After experimenting with a couple of different cap designs, the Padres went back to their original brown cap with the yellow interlocked “SD” logo for the 1973 season. The 1974 season saw the debut of the first true “bell” cap which they used through the 1979 season and 1980 spring training (from what I can tell). Both New Era and the now-defunct KM Pro Cap Company made the earlier Padres caps but so far I haven't been able to find out which brand they used on-field. However, I am 100% sure that New Era was the only maker for the taco bell caps in the 1970s. New Era’s caps were unique in the fact that on (almost) all caps, the front panels were made of nylon instead of wool if the front panel was a different color. Teams like the Blue Jays, Expos, Brewers, etc. all had nylon front panels. The Padres bell was no exception. At first, the caps featured the old-school amenities, such as satin taping and horsehair backing under the front panels. By the late 70s they had changed to the black taping and (then) regular style backing. The sweatbands also came in a wide variety. Leather was the standard back then, and the Padres used a couple of different types of leather. Most New Era caps had a smooth type of leather but two of my caps each have different kinds of leather that look more like strips of beef jerky. My one cloth-banded cap uses a more thin kind of cloth band, which must affect the size because mine is a 7 1/4 but fits more like 7 3/8.

Here is my personal collection of 70s caps:


First cap: adjustable spring training style. Second cap: Game used in 1976 by pitcher Alan Foster. Third, Fourth, and Fifth caps are non-game issued, the last two are mint condition.


1976 game used cap by pitcher Alan Foster displaying the early style satin taping and horsehair backing.

Beginning in the 1980 season, the Padres had orange “highlights” added to the caps and thus created the most popular variation of this cap. The top button, the eyelets, and the stitching along the outside of the bell were made orange, and an orange outline was made around the interlocked “SD.” The interlocked “SD” color was also changed to black.



Most people think there is only one version of this cap made for on-field use. Actually, there are two different versions that New Era made. During the 1984 season, the interlocked “SD” was reduced in size, and less stitching was used on the outer area of the bell. I first noticed this while reading an article about former Padres manager Dick Williams and pitcher Goose Gossage, who were inducted into the Hall of Fame in 2008. Here are the photos of Williams and Gossage that I saw.


See the difference?

While I said that New Era made two different versions, that doesn’t mean that it didn’t stop at two. Remember that back in those days there were other ballcap manufacturers, and they made their own versions of caps for every team regardless of whether that team was using their brand or not. While that wasn’t the case with the 70s taco bell caps (to this day I have not seen any other makers’ version of the cap), at least two other companies made their own versions of the 80s version: the Roman Pro Cap Company (KM Pro Cap Company's successor) and Sports Specialties Corp., both of whom were trying to take business away from New Era.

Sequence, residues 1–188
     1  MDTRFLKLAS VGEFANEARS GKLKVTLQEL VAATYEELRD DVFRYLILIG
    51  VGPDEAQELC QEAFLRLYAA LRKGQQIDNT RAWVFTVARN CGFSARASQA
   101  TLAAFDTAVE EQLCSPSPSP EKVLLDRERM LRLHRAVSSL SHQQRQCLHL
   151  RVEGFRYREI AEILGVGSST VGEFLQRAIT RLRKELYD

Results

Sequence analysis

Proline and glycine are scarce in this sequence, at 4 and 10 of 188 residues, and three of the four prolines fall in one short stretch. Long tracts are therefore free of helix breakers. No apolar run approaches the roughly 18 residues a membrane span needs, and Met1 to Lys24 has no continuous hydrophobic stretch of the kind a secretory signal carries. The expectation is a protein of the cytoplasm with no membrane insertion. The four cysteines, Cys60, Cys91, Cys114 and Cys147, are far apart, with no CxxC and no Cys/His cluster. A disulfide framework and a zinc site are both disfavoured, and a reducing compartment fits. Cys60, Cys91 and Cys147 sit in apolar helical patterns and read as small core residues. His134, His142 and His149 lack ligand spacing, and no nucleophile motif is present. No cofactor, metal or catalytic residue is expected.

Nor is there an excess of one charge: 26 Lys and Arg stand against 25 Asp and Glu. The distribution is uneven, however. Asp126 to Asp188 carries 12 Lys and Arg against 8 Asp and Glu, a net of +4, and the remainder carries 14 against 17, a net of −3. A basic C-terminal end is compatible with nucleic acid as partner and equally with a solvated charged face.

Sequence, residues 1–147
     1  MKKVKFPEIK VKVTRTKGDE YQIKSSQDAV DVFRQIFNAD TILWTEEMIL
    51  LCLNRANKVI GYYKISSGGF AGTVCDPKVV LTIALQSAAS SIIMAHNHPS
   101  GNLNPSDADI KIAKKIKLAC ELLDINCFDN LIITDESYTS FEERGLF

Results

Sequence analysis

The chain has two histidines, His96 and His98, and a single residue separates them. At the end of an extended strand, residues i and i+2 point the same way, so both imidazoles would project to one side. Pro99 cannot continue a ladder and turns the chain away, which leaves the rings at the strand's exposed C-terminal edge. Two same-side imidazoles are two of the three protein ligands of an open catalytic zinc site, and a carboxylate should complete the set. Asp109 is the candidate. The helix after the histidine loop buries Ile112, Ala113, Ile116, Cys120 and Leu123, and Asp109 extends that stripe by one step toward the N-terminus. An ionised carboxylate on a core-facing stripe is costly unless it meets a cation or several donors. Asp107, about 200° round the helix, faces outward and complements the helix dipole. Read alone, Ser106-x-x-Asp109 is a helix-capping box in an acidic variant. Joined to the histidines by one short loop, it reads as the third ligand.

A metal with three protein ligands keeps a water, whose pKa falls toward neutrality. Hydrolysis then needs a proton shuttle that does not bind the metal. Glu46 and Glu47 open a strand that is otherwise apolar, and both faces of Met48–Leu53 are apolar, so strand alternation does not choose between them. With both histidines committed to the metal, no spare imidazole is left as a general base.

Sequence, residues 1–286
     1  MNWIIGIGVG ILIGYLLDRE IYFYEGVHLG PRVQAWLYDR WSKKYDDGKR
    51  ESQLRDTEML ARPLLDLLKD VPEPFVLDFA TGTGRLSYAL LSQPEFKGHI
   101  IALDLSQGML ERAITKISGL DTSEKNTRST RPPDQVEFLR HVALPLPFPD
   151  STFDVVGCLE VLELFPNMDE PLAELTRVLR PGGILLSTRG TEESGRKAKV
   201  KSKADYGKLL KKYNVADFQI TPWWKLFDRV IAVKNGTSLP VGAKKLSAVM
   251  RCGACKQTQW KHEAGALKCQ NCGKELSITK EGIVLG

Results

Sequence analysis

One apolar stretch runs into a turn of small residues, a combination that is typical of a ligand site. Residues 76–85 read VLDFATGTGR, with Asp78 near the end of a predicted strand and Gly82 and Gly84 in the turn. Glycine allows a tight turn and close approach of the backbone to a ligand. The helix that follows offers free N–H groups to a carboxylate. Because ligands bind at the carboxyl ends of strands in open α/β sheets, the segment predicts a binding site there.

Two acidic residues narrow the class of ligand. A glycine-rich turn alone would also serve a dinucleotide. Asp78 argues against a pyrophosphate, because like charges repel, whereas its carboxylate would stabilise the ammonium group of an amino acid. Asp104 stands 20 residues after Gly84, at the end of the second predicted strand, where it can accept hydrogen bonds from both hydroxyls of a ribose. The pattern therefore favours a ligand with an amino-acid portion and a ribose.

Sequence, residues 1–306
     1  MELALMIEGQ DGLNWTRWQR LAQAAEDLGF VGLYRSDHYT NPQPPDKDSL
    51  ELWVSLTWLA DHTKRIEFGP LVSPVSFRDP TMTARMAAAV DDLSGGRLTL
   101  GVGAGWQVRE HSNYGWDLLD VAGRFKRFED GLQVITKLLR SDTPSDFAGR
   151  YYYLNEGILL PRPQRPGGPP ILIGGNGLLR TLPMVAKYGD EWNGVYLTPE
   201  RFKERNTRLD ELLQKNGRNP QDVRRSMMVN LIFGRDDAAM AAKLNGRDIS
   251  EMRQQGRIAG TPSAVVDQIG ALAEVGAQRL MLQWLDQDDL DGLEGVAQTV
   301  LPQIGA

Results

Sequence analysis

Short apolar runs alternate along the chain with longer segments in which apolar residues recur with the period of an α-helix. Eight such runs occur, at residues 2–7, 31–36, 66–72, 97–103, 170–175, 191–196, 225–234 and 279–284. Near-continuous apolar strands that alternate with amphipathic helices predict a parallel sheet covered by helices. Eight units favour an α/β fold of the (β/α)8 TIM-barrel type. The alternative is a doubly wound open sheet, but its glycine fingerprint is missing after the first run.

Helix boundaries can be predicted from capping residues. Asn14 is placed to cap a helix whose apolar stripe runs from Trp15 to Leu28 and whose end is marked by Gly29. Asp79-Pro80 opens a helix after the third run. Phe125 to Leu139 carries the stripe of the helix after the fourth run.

My personal collection: First cap: Sports Specialties version, Second cap: Roman version, Third, Fourth, Fifth, and Sixth caps: New Era 1984 versions.

Roman Pro’s version is strikingly different than the New Era versions. Right away you may notice that the bell is more triangular, and stitching on the outside of the bell is more solid. The bell’s fabric is a different material other than wool but it seems too smooth and shiny to be nylon, but it might be. The interlocked “SD” is more square in shape with sharper edges, is brown instead of black, and hey wait a minute… it’s not even interlocked! The “SD” is overlapped instead. Roman’s version appears to be the prototype for all the poor reproductions made today.



The Sports Specialties version was sold exclusively at the stadium’s fan shop, or so I have been told by a couple of different people. Oddly though, the seller of my cap told me that it was game used. From what I can tell, the Padres always used New Era and didn’t use Sports Specialties until the late 80s. Maybe they tried them out during spring training? Who knows. Anyway, the logo on the Sports Specialties version looks much like the 1984 New Era version, only it is brown like the Roman version. Another difference is the “D” on the “SD”, the outline where it interlocks with the bottom of the “S” is done in a different way. The stitching on the outside of the bell is solid like the Roman version as well, just thinner. The bell itself is more of the correct shape and is made of wool like the rest of the cap. All in all, the Sports Specialties version is almost a combination of the New Era and Roman versions.